New Josh Hawley bill proposes a fairness doctrine for Big Tech

A terrible idea but one in keeping with the spirit of the times. Whether the bill is unconstitutional or (giggle) un-conservative doesn’t matter. Whether it will backfire and cause more problems than it solves doesn’t really matter either. What matters is delivering the adrenaline rush of punching an enemy of the right square in the face. Hawley understands the Trumpist ethos. In fact, I’m treating this as a sort of unofficial announcement that he’s running for president in 2024 and intends to compete aggressively for Trump’s base in the primaries.

I have faith, though, that Ted Cruz can come up with an even worse pander in time. Stay tuned.

Hawley’s target here is Section 230 of the Communications Decency Act, which I mentioned a few nights ago in this post about a recent SCOTUS ruling. Section 230 says that Internet platforms can’t be held legally responsible for material posted by their users. Righties resent the fact that the likes of Facebook and Twitter enjoy that immunity despite sometimes demonstrating bias against conservatives in how they moderate content. One way to solve that bias potentially is to claim that social media behemoths now play such an outsized role in public discourse that they should be treated as “state actors” for First Amendment purposes, which means they’d be barred from discriminating against certain viewpoints when moderating content. But the Supreme Court seemed to blow up that argument this week, reaffirming (in the context of a private company operating public access stations in New York City) that hosting speech by members of the public doesn’t transform a private entity into a quasi-public one.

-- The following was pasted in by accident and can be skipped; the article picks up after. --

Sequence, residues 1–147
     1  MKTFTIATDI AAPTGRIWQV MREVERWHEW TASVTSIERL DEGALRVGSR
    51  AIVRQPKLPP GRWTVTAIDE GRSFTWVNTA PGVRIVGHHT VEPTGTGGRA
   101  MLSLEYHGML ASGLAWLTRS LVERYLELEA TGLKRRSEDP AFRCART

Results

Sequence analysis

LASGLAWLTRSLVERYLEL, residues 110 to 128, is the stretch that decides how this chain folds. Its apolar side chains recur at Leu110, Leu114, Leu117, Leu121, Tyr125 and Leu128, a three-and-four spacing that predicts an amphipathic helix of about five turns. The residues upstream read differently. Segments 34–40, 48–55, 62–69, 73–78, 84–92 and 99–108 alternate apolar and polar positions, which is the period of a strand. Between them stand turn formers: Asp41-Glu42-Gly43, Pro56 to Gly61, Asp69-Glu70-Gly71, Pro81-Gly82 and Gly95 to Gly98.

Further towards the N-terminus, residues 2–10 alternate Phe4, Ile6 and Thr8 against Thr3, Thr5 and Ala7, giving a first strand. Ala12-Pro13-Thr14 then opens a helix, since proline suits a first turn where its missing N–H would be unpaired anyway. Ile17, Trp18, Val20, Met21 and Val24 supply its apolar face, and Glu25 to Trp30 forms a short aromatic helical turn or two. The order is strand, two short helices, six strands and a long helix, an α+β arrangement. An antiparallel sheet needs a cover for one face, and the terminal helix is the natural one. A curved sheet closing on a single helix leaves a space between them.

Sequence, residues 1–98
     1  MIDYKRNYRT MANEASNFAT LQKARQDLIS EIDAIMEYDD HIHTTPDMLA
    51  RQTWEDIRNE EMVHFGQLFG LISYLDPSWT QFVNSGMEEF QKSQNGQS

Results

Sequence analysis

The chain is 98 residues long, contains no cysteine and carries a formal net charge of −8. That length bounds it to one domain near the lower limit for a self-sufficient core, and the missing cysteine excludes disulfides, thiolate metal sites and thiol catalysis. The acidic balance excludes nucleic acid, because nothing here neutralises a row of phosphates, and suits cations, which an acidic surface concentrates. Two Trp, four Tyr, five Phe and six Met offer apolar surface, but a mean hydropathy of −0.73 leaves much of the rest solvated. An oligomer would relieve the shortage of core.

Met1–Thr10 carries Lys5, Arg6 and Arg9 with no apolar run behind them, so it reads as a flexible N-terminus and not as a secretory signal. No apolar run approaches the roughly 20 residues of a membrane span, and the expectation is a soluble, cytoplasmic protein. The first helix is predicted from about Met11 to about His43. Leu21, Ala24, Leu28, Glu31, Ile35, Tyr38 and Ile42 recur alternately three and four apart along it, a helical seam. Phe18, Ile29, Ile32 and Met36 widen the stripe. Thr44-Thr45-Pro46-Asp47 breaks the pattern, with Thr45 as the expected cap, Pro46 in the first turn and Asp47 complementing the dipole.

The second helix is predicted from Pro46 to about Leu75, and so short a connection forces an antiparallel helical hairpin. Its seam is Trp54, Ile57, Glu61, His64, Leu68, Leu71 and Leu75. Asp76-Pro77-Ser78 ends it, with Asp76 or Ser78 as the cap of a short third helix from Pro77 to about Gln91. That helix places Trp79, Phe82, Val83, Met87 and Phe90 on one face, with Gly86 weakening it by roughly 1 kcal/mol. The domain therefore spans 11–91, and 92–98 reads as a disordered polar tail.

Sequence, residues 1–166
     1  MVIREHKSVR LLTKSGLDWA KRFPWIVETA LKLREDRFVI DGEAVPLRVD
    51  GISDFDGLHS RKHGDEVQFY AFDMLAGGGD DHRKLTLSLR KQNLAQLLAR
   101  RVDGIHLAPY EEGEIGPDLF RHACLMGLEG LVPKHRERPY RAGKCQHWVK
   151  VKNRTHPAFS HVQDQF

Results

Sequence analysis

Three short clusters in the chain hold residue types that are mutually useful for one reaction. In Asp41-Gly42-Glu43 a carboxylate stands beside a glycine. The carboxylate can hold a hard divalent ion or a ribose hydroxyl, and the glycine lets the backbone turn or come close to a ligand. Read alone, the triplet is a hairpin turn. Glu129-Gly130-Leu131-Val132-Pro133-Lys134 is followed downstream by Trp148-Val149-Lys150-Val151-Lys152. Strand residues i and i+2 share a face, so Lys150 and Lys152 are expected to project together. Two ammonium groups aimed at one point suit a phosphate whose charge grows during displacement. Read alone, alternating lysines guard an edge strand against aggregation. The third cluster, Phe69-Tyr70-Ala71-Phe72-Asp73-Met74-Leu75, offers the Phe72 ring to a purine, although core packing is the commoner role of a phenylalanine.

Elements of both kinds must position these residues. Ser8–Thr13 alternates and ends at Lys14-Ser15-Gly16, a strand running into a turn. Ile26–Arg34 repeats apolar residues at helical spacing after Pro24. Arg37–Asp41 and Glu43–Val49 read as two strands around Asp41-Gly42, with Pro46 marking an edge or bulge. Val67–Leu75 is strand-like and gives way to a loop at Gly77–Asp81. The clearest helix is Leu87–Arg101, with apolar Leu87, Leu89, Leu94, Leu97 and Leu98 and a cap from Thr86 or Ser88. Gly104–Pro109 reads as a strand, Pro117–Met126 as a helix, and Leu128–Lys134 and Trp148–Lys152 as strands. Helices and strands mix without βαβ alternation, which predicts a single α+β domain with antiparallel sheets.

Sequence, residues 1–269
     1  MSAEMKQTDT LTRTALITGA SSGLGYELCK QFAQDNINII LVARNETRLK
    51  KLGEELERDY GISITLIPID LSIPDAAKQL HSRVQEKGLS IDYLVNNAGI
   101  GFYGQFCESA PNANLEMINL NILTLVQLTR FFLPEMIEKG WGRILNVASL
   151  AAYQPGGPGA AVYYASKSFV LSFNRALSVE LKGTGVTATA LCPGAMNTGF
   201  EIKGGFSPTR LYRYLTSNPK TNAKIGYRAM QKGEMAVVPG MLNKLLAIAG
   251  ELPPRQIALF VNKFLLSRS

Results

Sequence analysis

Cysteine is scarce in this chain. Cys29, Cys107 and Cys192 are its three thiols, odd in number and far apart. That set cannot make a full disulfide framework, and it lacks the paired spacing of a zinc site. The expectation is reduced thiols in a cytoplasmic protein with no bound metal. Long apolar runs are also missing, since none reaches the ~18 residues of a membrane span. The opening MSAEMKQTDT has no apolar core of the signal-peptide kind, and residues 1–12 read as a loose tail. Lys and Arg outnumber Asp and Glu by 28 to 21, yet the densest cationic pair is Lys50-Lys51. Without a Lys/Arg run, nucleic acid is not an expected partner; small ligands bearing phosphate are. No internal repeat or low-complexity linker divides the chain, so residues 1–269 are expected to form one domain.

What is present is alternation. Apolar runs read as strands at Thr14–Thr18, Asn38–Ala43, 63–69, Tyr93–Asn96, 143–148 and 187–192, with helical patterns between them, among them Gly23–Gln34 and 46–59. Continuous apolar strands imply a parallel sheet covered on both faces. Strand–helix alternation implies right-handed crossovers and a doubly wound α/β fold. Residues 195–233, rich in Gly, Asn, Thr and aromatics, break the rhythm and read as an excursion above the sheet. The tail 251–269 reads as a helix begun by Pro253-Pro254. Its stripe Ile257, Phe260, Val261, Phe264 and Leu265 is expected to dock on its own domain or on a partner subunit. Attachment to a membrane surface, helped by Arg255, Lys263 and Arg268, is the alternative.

Hawley’s taken a different approach. Instead of gambling on a longshot constitutional argument, he’s targeting Section 230 via statute. It’s time to amend the law, he says, and make the platforms’ immunity conditional on their neutrality in moderating content. I salute him for at least acknowledging that the law as written doesn’t already require that. It’s become a minor myth on the right advanced by the likes of Cruz that Section 230 in its present form demands that tech giants remain “neutral platforms” in how they filter content or else they lose their legal protection. That’s just not true, and the fact that Hawley wants to clarify it by amending the statute to explicitly require neutrality suggests that he realizes it.

What Senator Hawley’s bill does

Removes automatic immunity under Section 230 from big tech companies

Gives big tech companies the ability to earn immunity through external audits
— Big tech companies would have to prove to the FTC by clear and convincing evidence that their algorithms and content-removal practices are politically neutral
— The FTC could not certify big tech companies for immunity except by a supermajority vote
— Big tech companies would be responsible for the cost of conducting audits
— Big tech companies would have to reapply for immunity every two years

Preserves existing immunity for small and medium-sized companies
— The bill applies only to companies with more than 30 million active monthly users in the U.S., more than 300 million active monthly users worldwide, or who have more than $500 million in global annual revenue

What do you have there? For starters, you have a much larger federal bureaucracy and much greater government influence over online speech. You also have a swampy new incentive for Big Tech to cozy up to the administration that’s in power in hopes of convincing the FTC to have a forgiving standard of “neutrality.” Which is to say, you’re not necessarily curing the problem of bias in content moderation. Big Tech might be more willing to discriminate against conservatives when Democrats occupy the White House in the belief that a Democratic-run FTC won’t be sticklers about how they filter content so long as it benefits the left’s political agenda. Former FTC commissioner (and conservative) Joshua Wright thinks it’s an awful idea:

“Essentially, Hawley wants to revive the old Fairness Doctrine,” writes Elizabeth Nolan Brown at Reason, a “truly Orwellian tack of trying to convince conservative internet users that taking away protection for online speech will somehow allow them to speak more freely.”